Keeping Track Of Vitals Via A Data Logger
Knowledge is power. Throughout history this simple saying has proven true over and over again. It’s no different in motorsports where knowing exactly what your engine, transmission and chassis are doing can literally mean the difference between winning and going home on the trailer. High-end race teams in Formula 1, IndyCar, NASCAR, NHRA and more use expensive data logging systems to get the most from their racecars. But until recently, ordinary diesel folks like us could never afford to equip our rigs with anything other than simple data loggers built into gauge packages. Enter the team at Fleece Performance Engineering in Brownsburg, Indiana, with their new XDL Expansion Data Logger.
The XDL has two internally monitored channels with a 20-Hz GPS that’s the highest resolution on the market and provides true ground speed monitoring for drag racing, sled pulling or other motorsports activities. The other internal channel is an accelerometer that measures up to +/- 8g. In addition to the internal channels, the XDL has 19 discreet external inputs and can also simultaneously monitor 96 OBD channels for modern computer-controlled trucks. The 19 channels are made up of 11 fast-acting RTD (resistance temperature detector) channels to monitor temperature, six channels to measure pressure and two channels to monitor frequency to allow users to monitor nearly every aspect of their truck.
Having the huge volume of data recorded by the XDL would do you little good without a means to display and interpret the data in a way that’s easy to read and understand. If the data were simply a jumble of digital code, very few users would be able to do anything with it. Fortunately, the engineers at Fleece Performance worked with the team at EFILive to display the data in a graphic form using the EFILive interface. Even though the XDL uses the EFILive interface, it’s not limited to trucks that are supported by EFILive. The data logger can be used on any vehicle as a stand-alone data logger to measure, monitor and log 21 channels of data. It can be used on mechanical injected trucks and tractors as well as carbureted gassers should the need arise.
The standard XDL kit includes the module, harness, GPS antenna, four RTD temperature sensors, two steel RTD sensor bungs, two aluminum RTD sensor bungs and two 300-psig pressure sensors to handle the basic data logging needs of most diesel truck owners. Additional sensors and bungs are available separately for those wanting more detailed data logging capability. You will also need an EFILive V2 FlashScan tool to interface with the XDL.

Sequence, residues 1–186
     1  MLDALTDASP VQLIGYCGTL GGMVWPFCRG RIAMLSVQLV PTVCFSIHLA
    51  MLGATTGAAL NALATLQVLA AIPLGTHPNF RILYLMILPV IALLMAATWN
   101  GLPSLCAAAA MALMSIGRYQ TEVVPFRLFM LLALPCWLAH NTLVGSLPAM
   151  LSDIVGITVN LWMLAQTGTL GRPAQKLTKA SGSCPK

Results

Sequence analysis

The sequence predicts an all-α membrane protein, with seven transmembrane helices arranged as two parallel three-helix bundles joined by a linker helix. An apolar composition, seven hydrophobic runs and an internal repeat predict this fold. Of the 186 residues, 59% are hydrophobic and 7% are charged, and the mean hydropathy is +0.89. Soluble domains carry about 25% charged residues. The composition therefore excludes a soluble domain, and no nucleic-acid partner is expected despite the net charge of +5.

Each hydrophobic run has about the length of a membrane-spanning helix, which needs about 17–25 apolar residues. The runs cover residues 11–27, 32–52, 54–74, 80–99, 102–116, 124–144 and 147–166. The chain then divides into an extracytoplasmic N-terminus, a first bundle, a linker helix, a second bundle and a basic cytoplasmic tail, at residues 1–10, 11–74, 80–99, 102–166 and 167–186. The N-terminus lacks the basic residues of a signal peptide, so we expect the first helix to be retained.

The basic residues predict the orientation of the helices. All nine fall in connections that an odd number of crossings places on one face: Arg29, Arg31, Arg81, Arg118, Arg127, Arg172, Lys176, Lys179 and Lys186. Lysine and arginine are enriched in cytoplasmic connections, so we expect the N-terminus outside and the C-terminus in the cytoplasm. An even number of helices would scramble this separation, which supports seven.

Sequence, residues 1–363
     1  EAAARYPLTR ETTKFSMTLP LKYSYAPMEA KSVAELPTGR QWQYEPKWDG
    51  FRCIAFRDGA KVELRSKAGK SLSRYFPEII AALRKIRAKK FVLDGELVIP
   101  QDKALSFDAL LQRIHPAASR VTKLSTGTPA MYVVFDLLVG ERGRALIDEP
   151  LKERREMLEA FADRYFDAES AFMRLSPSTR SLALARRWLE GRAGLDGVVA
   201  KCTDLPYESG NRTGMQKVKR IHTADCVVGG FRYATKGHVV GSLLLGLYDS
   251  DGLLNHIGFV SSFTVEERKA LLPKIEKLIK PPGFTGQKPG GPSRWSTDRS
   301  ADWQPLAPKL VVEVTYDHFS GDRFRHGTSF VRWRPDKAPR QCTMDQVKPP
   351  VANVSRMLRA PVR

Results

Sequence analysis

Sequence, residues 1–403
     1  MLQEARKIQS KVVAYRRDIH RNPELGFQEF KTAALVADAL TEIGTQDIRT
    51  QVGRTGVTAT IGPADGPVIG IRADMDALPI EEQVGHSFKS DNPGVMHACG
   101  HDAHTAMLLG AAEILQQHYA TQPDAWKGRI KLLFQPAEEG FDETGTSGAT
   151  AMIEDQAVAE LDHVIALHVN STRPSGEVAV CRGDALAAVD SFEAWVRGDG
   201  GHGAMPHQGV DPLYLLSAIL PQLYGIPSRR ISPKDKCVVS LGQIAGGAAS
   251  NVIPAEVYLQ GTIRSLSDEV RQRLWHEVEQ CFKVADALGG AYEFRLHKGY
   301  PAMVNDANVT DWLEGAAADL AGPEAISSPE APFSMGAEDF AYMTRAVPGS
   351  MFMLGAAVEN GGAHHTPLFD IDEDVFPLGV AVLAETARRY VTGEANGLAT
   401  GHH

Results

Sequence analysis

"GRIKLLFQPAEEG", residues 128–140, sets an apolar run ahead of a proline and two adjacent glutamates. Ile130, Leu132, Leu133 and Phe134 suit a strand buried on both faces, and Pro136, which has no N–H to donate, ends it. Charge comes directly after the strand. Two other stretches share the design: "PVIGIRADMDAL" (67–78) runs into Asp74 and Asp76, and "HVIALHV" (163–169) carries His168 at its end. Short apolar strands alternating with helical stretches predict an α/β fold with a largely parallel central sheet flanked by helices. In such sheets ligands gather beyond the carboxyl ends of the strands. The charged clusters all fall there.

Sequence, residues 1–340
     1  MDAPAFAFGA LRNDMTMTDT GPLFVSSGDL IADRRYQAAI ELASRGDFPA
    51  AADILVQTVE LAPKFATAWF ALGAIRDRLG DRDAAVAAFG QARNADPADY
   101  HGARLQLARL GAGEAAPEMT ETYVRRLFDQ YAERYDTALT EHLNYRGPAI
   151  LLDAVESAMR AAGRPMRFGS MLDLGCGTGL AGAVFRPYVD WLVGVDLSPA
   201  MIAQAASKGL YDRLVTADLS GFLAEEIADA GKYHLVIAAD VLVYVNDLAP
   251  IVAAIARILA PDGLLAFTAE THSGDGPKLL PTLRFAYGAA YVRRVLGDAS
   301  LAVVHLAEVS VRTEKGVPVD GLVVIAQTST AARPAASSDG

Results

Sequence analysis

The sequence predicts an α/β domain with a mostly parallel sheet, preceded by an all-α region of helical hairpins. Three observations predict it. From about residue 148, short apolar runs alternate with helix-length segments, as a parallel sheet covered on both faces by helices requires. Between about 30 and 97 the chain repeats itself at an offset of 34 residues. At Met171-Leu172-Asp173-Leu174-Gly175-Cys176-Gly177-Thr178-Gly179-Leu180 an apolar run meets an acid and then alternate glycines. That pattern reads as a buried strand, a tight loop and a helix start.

Fleece currently offers a large selection of sensors, bungs and hardware to work with the XDL and they are continuing to expand the offerings. They expect to have linear potentiometers soon that will allow users to monitor suspension travel to tune suspension to optimize the chassis for drag racing and sled pulling. The external channels operate on a 0-5-volt sensor input so the monitor possibilities are nearly endless, limited only by sensor availability and your imagination.
As competent as driver feel or chassis dyno runs are as tuning tools, logging data from actual competition and test session runs can help you take your truck to the next level. Sled pullers and drag racers can evaluate traction and suspension setups by evaluating the differences between wheel speed and GPS-measured vehicle speed—seeing the differences that slight changes in tire pressure or shock tuning make.
Tuning the engine with data in hand to go by will allow tuners to push the performance envelope knowing exactly how each cylinder is operating. Measuring pressure data can also help in tuning waste gates and turbo systems as well as evaluating charge air cooler efficiency to get the most out of your turbo diesel engine.
We had the opportunity to go to Fleece’s Indiana shop and follow along as Jake Richards and Marc Beaman installed an XDL on Kolin Dunn’s 2.5 class Dodge pulling truck. They installed it with a Steed Speed intake manifold that Beaman machined and welded sensor bungs into to monitor EGT for each individual cylinder. They also installed a pressure gauge on the exhaust manifold and on the intake side of the engine, as well as temperature sensors at the intake, turbo outlet and intercooler outlet to measure its effectiveness. They also have inputs available for future expansion should they decide to monitor additional parameters.
The installation is pretty straightforward and can be performed with typical hand tools without too much difficulty if you have or purchase manifolds with sensor bungs already installed. If you need to install the bungs you will need welding and machining tools as well as the skills to use them. If you do perform the installation yourself be sure to practice safe shop techniques and route the harnesses safely to prevent them from being damaged by hot and/or moving engine or chassis parts. Follow along over the next few pages to Richards and Beaman perform the installation. DW
468 Southpoint Circle, Suite 100
Brownsburg, IN 46112